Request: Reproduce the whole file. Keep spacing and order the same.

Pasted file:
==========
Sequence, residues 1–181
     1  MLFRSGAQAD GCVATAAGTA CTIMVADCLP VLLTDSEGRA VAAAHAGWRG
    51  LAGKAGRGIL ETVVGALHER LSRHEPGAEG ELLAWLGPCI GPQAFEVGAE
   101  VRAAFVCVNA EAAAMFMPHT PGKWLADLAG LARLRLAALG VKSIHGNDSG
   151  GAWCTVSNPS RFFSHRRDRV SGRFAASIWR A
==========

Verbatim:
Sequence, residues 1–181
     1  MLFRSGAQAD GCVATAAGTA CTIMVADCLP VLLTDSEGRA VAAAHAGWRG
    51  LAGKAGRGIL ETVVGALHER LSRHEPGAEG ELLAWLGPCI GPQAFEVGAE
   101  VRAAFVCVNA EAAAMFMPHT PGKWLADLAG LARLRLAALG VKSIHGNDSG
   151  GAWCTVSNPS RFFSHRRDRV SGRFAASIWR A